I never gave much thought to beauty when I was a kid or tween or teen. I didn’t care if someone thought I was beautiful. Beauty didn’t represent much to me. Male attention didn’t represent much to me. I was too busy climbing trees, reading books, memorizing facts, and trying to beat the boys in cross-country races. I was too busy hanging with my friends. I felt pretty neutral about my physical appearance. I just didn’t think about it too much.
Other compliments would have meant much more than “you’re beautiful.” When a teacher complimented my writing or a friend my kindness or a boy my sense of humor…those are the things that made me glow.
But sometimes, I find myself looking in the mirror with a wild, raging desire to be beautiful. Especially over the last year. Only recently have I found myself asking why. Only recently have I asked when and why that changed. Only recently have I asked what hearing the phrase represents to me now.
I realized it represents security. I realized it represents worthiness of love. I realized that it represents assurance that he will stay and that he doesn’t regret his decision. It represents that I don’t have to feel threatened by “the other woman” because my (future) husband thinks I’m beautiful and beauty apparently matters a lot to men.
Right now, it seems only the beautiful get chosen.
Which begs the question: Do we only desire to be told that we’re beautiful…because it reassures us that we’re loved? I scroll through that Christian man’s Facebook photos, and every single one is captioned with “my beautiful wife.” There are no other adjectives.
I want my husband to think I’m beautiful, too, but truth-be-told, that feels like a second-rate compliment. I wouldn’t need you to tell me I was beautiful in order to feel secure if you were already telling me that I’m important to you. That you love what makes me, me. Hearing my physical appearance complimented wouldn’t reassure me that you’ll stay as much as you telling me that you think it’s attractive when I’m encouraging a child or using my gifts.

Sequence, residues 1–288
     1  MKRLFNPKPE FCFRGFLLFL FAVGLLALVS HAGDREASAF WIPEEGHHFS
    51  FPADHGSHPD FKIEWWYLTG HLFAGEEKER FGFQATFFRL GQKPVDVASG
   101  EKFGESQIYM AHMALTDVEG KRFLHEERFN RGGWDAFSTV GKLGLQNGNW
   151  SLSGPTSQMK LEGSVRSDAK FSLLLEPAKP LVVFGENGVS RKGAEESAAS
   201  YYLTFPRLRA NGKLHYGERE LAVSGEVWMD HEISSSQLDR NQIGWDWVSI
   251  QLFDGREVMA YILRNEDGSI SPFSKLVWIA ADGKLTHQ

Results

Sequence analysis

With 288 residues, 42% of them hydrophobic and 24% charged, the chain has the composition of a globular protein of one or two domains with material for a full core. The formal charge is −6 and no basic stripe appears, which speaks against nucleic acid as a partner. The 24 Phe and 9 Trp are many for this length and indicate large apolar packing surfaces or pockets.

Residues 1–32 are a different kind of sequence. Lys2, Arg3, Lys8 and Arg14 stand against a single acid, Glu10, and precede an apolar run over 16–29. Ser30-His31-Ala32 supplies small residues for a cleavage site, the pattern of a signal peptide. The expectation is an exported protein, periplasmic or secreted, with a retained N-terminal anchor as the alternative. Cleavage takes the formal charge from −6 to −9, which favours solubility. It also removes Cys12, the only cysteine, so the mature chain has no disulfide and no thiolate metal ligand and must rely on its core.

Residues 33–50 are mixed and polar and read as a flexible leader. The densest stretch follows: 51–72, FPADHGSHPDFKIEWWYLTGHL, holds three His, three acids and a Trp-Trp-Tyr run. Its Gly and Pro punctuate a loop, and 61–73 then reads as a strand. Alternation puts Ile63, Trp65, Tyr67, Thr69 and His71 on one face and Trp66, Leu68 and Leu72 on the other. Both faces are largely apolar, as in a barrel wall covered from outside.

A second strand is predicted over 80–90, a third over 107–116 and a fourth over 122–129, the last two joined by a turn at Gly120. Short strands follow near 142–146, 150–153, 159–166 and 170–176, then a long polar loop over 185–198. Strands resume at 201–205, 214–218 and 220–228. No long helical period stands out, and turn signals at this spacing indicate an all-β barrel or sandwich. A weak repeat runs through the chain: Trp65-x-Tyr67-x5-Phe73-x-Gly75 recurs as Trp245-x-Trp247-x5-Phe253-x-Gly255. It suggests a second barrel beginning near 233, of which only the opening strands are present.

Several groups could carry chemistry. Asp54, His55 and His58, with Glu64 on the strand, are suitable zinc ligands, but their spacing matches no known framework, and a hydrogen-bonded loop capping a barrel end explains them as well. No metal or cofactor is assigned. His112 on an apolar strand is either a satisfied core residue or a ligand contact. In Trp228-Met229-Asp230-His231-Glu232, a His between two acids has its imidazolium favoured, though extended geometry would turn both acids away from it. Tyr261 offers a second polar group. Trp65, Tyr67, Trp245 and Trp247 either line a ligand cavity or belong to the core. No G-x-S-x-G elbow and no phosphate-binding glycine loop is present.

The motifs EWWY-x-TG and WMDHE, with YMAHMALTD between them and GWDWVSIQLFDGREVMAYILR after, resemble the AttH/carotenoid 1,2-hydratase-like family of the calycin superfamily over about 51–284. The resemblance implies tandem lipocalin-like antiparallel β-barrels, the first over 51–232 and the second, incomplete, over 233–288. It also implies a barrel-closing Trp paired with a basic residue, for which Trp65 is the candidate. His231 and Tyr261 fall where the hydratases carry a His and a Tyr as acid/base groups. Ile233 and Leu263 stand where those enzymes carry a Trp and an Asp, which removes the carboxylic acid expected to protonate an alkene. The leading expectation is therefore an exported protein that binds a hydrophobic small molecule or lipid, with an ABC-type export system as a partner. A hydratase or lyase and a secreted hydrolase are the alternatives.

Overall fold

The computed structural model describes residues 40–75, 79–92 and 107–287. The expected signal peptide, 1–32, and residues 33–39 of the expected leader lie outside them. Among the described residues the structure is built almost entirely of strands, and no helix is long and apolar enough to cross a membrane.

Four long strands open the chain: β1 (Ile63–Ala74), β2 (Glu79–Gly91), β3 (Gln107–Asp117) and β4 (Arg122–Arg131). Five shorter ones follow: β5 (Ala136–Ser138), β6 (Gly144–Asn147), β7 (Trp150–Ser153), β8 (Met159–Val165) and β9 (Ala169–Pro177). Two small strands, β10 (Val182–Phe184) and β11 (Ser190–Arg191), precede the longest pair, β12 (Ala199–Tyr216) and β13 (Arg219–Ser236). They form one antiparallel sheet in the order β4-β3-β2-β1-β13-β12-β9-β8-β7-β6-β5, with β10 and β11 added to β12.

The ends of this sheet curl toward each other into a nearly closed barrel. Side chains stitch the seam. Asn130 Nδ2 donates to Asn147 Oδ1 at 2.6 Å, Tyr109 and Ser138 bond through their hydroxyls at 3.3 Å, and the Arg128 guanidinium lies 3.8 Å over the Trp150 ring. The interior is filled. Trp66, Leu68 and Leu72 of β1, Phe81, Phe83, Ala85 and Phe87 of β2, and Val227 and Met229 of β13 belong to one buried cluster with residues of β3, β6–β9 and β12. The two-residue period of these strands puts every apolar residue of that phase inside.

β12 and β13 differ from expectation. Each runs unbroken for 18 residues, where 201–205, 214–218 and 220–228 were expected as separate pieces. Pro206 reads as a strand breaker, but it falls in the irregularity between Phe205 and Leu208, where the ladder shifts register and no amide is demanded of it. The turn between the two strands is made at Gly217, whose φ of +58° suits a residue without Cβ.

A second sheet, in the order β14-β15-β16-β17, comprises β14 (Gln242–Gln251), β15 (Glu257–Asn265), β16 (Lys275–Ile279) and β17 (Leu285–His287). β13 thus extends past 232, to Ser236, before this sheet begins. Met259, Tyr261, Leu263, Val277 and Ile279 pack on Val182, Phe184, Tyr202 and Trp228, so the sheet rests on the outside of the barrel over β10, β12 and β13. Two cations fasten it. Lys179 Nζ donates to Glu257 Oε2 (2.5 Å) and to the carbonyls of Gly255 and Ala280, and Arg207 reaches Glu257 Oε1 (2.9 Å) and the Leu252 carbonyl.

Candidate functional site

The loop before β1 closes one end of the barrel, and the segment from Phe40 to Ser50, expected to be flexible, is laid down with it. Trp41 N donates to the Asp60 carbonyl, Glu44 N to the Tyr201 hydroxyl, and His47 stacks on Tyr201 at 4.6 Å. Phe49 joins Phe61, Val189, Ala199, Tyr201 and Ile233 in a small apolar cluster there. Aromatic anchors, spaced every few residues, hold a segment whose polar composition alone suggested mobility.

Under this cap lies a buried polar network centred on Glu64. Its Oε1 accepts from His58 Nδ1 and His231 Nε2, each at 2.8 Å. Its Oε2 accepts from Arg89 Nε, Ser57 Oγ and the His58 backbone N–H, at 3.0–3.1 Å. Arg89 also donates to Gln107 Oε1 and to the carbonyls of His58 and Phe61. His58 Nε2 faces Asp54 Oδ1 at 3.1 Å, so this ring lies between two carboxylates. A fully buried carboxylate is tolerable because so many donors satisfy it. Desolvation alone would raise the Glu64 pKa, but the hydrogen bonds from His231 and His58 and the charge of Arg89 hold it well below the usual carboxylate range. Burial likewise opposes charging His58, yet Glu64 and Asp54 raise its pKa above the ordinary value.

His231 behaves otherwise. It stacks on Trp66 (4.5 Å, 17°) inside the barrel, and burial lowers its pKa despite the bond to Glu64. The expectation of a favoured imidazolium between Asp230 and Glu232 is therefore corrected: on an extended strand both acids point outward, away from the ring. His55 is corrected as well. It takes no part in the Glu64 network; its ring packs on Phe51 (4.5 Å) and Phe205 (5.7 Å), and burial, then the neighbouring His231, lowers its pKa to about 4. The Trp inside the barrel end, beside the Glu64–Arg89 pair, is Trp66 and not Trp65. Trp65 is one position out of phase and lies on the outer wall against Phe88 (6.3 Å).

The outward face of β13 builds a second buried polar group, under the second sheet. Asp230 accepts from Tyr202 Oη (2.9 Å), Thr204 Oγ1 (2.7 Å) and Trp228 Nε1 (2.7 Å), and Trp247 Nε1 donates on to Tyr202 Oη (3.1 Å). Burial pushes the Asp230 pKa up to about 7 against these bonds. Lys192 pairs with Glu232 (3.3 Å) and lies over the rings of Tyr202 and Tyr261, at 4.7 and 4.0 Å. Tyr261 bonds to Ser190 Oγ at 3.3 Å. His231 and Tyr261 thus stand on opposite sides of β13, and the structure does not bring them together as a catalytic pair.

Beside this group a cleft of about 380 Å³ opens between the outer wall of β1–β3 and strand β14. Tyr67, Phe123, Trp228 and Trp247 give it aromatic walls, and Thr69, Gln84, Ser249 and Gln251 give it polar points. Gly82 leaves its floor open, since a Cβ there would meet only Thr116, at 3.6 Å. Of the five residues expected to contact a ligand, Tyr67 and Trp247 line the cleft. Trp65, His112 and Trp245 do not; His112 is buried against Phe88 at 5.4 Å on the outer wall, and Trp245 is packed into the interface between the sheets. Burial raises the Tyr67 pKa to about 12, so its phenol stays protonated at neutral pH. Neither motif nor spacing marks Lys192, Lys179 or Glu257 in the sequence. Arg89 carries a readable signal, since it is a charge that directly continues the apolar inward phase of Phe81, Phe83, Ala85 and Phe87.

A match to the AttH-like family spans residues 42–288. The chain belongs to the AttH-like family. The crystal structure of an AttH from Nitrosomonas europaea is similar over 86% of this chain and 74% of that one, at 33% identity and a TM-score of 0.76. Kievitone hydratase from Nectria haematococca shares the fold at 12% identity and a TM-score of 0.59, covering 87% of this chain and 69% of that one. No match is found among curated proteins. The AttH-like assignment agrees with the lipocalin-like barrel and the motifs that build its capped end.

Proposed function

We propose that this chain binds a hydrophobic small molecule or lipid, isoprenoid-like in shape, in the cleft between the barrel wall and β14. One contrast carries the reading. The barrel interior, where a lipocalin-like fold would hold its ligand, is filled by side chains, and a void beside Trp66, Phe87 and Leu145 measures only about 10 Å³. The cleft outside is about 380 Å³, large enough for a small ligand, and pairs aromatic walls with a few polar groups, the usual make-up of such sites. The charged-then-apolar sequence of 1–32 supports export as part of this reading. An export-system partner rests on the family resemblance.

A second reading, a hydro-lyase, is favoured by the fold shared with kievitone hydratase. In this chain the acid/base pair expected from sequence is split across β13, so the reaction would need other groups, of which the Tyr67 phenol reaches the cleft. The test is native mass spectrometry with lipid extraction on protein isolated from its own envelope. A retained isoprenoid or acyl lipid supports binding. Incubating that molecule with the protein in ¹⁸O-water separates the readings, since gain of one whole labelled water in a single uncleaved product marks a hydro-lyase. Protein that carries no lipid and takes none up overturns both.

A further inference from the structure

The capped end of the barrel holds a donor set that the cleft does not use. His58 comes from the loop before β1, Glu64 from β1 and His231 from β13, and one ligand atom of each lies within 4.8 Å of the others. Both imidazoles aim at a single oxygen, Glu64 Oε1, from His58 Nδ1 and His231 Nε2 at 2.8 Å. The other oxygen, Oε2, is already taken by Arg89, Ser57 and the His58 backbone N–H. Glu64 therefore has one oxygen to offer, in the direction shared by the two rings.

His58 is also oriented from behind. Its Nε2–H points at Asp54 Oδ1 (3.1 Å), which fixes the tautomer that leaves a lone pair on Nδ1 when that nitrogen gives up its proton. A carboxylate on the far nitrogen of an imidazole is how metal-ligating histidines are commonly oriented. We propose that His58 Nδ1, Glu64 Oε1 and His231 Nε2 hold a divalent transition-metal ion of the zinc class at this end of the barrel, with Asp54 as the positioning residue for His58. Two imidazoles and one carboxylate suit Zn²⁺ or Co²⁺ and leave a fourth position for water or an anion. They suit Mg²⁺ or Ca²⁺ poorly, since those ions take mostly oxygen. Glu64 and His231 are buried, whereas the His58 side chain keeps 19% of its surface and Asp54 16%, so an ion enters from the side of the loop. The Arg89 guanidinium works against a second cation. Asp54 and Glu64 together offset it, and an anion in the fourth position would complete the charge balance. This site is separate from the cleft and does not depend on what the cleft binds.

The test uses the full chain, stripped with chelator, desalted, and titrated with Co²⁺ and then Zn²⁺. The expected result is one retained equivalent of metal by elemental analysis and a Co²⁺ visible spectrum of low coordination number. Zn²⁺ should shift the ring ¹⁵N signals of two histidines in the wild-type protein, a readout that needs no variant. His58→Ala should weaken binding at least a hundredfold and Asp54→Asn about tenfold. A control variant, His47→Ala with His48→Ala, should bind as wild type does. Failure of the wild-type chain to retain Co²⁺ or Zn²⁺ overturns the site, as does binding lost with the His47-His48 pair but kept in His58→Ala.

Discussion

I will know that you value me…even if cancer takes my hair away. Even if steroids make me gain weight. Even if I’m the victim in an accident.
Here’s the thing:
When I’m uncertain about whether I’m desired for my personality, I desire beauty.
When women are uncertain about whether they’re desired or still desired for their personality, they desire beauty.
Here’s the other thing:
Nothing unleashes God as when half the country spends as much time on their knees as they do their beauty routine.
I would like to know from time-to-time that my physical appearance gives a man that I love pleasure. But I don’t want my worth to start or end with beauty.
I intend to spend more time refining my gifts than priming my pores. I don’t see my primary purpose in life to look flawless. That falls below letting God change me and use me to show people a God who is real and loves them to death.
Men, if you love a woman…we get it. It may have started with appearance. It may have started with beauty. Certainly affirm that. But you have to be honest and specific about personality, too. And please be willing to not overlook friendship and/or relationship with women who aren’t a “10”